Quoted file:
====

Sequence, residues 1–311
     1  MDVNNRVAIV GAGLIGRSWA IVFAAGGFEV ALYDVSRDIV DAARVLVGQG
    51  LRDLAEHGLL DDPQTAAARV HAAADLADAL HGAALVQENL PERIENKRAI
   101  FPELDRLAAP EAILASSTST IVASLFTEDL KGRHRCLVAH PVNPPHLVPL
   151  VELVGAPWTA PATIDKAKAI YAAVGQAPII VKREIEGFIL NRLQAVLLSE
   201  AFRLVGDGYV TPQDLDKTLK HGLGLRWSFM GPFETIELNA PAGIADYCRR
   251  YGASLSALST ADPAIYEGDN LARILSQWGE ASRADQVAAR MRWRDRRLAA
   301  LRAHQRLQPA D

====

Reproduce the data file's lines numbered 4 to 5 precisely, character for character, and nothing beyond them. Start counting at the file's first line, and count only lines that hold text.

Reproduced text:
   101  FPELDRLAAP EAILASSTST IVASLFTEDL KGRHRCLVAH PVNPPHLVPL
   151  VELVGAPWTA PATIDKAKAI YAAVGQAPII VKREIEGFIL NRLQAVLLSE